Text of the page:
A few nights ago, we were looking at the skies through a 10-inch telescope set up in our backyard. The neighbor’s security light made a mockery of any pretense of dark-sky observering, but nevertheless, there’s something remarkable about stepping outside and having your retina absorb light that’s been on the wing for 10 million years.
Using averted vision, I could just make out M81 and M82. They look like this:
On the Astronomy Picture of the Day, one sees a lot more detail:
With the aid of lurid false color, the sense of galactic catastrophe is unmistakable. M82, in particular, emanating distended neon-red lightning bolts, looks positively unwell. The two galaxies, of course, are in the process of merging, and over the next billion years, will convert their delicate dynamical structures into the frenzied agglomeration of orbits that constitutes an elliptical galaxy.
But I like the fact that through the telescope, it’s just two faint misty patches. Static. Unhurried. Completely calm. A billion years is an incredibly long time. The view gives a good illustration of Eisenhower’s remark that “the urgent is seldom important and the important is seldom urgent.”
Saturn, too, was high in the sky, and looked like this.
After seeing M81 in the Miocene, it’s slightly jarring to note that the light from Saturn had left the planet after dinner while I was doing the dishes.
With the low-power telescope view, it’s easy to see why Galileo was puzzled when he first saw Saturn under magnification. Huygens’ accomplishment in figuring out the true geometry of an inclined planet with rings suddenly seems much more impressive. And now, there’s spacecraft all the way out there, sending photo after incredible photo back to the Deep Space Network. I was very happy to hear that Cassini’s first mission extension was approved.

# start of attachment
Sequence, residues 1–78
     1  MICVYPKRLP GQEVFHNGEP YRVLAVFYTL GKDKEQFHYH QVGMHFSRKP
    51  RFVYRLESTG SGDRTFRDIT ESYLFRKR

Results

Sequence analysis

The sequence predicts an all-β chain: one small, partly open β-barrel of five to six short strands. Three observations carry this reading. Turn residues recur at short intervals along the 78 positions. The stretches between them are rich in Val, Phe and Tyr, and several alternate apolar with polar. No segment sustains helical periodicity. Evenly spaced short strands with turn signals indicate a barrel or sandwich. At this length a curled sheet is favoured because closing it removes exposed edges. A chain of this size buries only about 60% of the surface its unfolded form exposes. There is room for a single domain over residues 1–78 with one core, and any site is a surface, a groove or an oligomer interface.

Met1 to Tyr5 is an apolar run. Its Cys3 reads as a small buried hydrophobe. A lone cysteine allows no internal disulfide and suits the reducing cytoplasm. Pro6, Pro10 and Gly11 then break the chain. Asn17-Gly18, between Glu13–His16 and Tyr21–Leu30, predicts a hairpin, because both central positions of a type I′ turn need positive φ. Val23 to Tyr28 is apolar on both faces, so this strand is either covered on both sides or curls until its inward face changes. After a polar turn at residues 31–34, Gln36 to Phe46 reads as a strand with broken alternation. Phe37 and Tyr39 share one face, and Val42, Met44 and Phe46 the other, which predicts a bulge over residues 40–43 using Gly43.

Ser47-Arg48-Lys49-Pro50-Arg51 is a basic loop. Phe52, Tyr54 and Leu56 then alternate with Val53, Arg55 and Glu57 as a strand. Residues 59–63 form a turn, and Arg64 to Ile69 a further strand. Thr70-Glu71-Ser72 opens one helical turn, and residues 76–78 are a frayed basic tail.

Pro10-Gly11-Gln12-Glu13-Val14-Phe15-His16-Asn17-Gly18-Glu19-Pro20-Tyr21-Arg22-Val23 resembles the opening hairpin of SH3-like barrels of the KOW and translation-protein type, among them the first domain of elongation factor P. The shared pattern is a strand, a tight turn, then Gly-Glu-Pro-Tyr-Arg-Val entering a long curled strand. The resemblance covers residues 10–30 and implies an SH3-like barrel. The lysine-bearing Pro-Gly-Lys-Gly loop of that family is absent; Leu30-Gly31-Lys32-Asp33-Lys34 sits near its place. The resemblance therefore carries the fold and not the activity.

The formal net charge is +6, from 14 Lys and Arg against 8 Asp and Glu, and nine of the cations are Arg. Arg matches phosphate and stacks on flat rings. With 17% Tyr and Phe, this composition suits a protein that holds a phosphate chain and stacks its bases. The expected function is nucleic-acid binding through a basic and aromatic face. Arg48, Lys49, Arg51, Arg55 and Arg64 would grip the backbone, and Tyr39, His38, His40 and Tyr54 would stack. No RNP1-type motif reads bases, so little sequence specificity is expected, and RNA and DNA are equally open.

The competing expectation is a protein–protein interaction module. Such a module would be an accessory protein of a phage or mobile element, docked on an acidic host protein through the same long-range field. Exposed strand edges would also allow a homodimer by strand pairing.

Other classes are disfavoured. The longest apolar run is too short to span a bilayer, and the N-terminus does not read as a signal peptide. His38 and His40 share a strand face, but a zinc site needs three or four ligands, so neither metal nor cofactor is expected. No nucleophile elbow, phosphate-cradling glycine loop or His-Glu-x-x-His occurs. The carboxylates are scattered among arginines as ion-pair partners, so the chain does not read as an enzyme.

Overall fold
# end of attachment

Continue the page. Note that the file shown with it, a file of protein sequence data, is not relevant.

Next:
M81 and the rings of Saturn are separated by an enormous expanse of scale and time, but they are both excellent examples of disks whose detailed structures are created by a combination of external forces and self-gravity. The protostellar disk that gave rise to the solar system falls in this same category of object.
An important issue in the study of protostellar disks is the identification of when a disk is massive enough to experience the development of spiral instabilities. Stefano (in addition to all the work he’s been doing on the systemic project) has been doing a detailed study of this problem. He’s found that the presence of a gap in a self-gravitating disk makes the disk far more prone to spiral instabilities than it would otherwise be. Gaps are unavoidable if a massive planet is forming in the disk. The spiral instabilities generate mass and angular momentum transport that efficiently attempt to fill in the gap. This new phenomenon has potentially very important ramifications for our understanding of giant planet formation and protostellar disk evolution.
Stefano’s paper has been accepted for publication in the Astrophysical Journal Letters, and will be appearing on astro-ph very shortly. In the meantime, here’s an advance copy in .pdf format.
Also, be sure to check out the website that Stefano has set up to explain this research. He has some very cool animations of protostellar disks succumbing to catastrophic instabilities, and he provides a link to the slides for his recent FLASH seminar on his work. My personal favorite is the graphical rendering of the solution to the thorny integro-differential equation that has to be solved to determine the growth rates, the pattern speeds and the overall appearances of the unstable spiral modes: